Do we suffer from spiritual atherosclerosis, from turning our hearts to stone?
By now, everyone knows the photos, audios and videos that circulated last week of crying children being separated from parents at the U.S. border. Yes, the most famous image of a girl turned out not to be a separated child. However, since May, more than 2,300 children were indeed separated from their parents at the border with Mexico. While the separation policy was put in May, the crisis escalated June 11, when Attorney General Jeff Sessions ramped up the Trump administration’s “zero tolerance” policy and overturned asylum protections for victims of gang or domestic violence.
The U.S. bishops — later supported by Pope Francis — protested the move at their June 13-14 assembly in Fort Lauderdale, Fla. Cardinal Daniel DiNardo of Galveston-Houston joined Bishop Joe Vásquez of Austin, Texas, chair of the USCCB’s Committee on Migration, “in condemning the continued use of family separation at the U.S./Mexican border as an implementation of the administration’s zero tolerance policy.”
“Our government has the discretion in our laws to ensure that young children are not separated from their parents and exposed to irreparable harm and trauma,” Cardinal DiNardo said. “Families are the foundational element of our society and they must be able to stay together.
“While protecting our borders is important, we can and must do better as a government, and as a society, to find other ways to ensure that safety. Separating babies from their mothers is not the answer and is immoral.”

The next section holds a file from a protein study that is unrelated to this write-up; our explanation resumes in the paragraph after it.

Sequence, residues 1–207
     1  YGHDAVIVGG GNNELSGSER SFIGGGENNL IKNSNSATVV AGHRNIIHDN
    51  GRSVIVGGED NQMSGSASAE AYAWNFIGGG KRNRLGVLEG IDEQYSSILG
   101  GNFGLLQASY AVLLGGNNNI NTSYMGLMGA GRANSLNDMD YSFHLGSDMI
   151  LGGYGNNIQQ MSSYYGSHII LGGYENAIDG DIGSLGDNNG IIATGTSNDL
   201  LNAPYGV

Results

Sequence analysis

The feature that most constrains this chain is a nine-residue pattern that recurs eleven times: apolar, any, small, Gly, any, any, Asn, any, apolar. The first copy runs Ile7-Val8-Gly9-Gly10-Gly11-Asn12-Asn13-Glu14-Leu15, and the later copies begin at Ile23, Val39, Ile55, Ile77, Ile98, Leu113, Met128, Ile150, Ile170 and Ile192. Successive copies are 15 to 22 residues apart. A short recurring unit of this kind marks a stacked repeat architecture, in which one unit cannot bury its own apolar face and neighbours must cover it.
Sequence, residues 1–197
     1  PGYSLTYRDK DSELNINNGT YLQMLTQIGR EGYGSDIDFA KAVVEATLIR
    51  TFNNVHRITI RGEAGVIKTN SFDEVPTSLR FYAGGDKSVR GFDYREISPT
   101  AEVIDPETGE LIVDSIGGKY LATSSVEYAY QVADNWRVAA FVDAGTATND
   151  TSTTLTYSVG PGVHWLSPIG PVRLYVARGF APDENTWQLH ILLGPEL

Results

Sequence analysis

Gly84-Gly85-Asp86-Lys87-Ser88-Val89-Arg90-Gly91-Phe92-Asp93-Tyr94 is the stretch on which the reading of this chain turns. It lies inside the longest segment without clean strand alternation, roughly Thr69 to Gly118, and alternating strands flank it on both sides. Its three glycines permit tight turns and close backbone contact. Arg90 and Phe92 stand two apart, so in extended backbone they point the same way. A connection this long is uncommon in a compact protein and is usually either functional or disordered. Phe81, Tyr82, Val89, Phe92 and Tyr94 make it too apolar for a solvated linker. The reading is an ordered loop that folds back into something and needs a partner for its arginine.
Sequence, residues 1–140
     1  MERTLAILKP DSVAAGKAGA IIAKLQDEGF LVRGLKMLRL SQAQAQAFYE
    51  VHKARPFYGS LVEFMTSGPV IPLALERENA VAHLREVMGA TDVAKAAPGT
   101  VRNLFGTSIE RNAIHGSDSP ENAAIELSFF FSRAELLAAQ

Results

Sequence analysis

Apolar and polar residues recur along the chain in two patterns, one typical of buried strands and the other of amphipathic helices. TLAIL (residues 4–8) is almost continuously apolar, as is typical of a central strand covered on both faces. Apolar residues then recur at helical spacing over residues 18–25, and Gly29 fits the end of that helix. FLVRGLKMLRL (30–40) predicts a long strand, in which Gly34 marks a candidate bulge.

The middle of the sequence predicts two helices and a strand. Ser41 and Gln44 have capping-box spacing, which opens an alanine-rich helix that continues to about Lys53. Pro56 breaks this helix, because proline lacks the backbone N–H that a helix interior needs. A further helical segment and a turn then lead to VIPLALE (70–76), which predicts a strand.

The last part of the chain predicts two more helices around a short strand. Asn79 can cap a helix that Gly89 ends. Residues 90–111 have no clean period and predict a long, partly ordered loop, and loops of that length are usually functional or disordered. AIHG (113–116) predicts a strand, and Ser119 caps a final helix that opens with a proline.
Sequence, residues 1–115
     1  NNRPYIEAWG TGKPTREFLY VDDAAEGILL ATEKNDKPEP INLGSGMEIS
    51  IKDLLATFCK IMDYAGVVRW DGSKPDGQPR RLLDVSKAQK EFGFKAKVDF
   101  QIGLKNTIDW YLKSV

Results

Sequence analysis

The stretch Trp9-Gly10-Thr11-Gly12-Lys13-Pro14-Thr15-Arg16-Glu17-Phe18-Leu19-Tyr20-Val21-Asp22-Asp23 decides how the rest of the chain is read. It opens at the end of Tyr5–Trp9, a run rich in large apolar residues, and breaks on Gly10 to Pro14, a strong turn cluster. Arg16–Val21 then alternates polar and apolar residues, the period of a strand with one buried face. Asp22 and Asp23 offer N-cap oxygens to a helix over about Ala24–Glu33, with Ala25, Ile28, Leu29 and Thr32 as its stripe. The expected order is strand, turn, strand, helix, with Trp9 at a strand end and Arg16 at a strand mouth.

Cardinal Joseph Tobin of Newark, N.J., called the separation policy “consistent with cardiosclerosis.”
Following the crying children came the finger pointing. President Trump took first blame. He, in turn, blamed Democrats: “(Democrats) don’t care about crime and want illegal immigrants, no matter how bad they may be, to pour into and infest our Country, like MS-13,” he wrote June 19.
The president then signed an executive order June 20, reversing the policy of separating children from adults, but this made no provision to reunite the children already separated and moved to facilities across the country.
This crisis is only the latest, and perhaps most visible, in an ongoing debate over immigrants and refugees. And not just in the U.S. In June 2016, anti-immigrant sentiment fueled Brexit, which will pull Britain out of the European Union by March 2019. In France, Marine Le Pen of the Front National vied with Emmanuel Macron for leadership last year on a strong anti-immigrant platform. And, on June 11, Italy’s Interior Minister, Matteo Salvini, banned the rescue ship “Aquarius,” with more than 600 African migrants aboard, from docking. (The ship was later welcomed in Spain.)
When we see pictures of children crying for parents and refusing to play with toys in detention centers, we should ask “Who is to blame?”
We could point the finger at many people and at any number of policies. We could even blame fear, as Pope Francis noted in his World Day of Migrants and Refugees’ homily on Jan. 14: “It is not easy to enter into another culture, to put oneself in the shoes of people so different from us, to understand their thoughts and their experiences. … These fears are legitimate, based on doubts that are fully comprehensible from a human point of view. Having doubts and fears is not a sin.”
However, the pope didn’t stop there. Neither should we. No, Pope Francis added this warning:
“The sin is to allow these fears to determine our responses, to limit our choices, to compromise respect and generosity, to feed hostility and rejection. The sin is to refuse to encounter the other, the different, the neighbor, when this is in fact a privileged opportunity to encounter the Lord.”
Bishop Mark Seitz of El Paso echoed these words in a June 15 statement: “(I)f Jesus of Nazareth returned, … we dare say he would not get as far as Sacred Heart Church downtown (in El Paso) before being detained.”
So who is to blame, ultimately, when immigrant families are separated?
We are. We elect our leaders, and we approve our laws.
We separate families.
We need to realize that and change our ways, recognizing Christ in our brothers and sisters (and their children), lest we find our hearts turning to stone.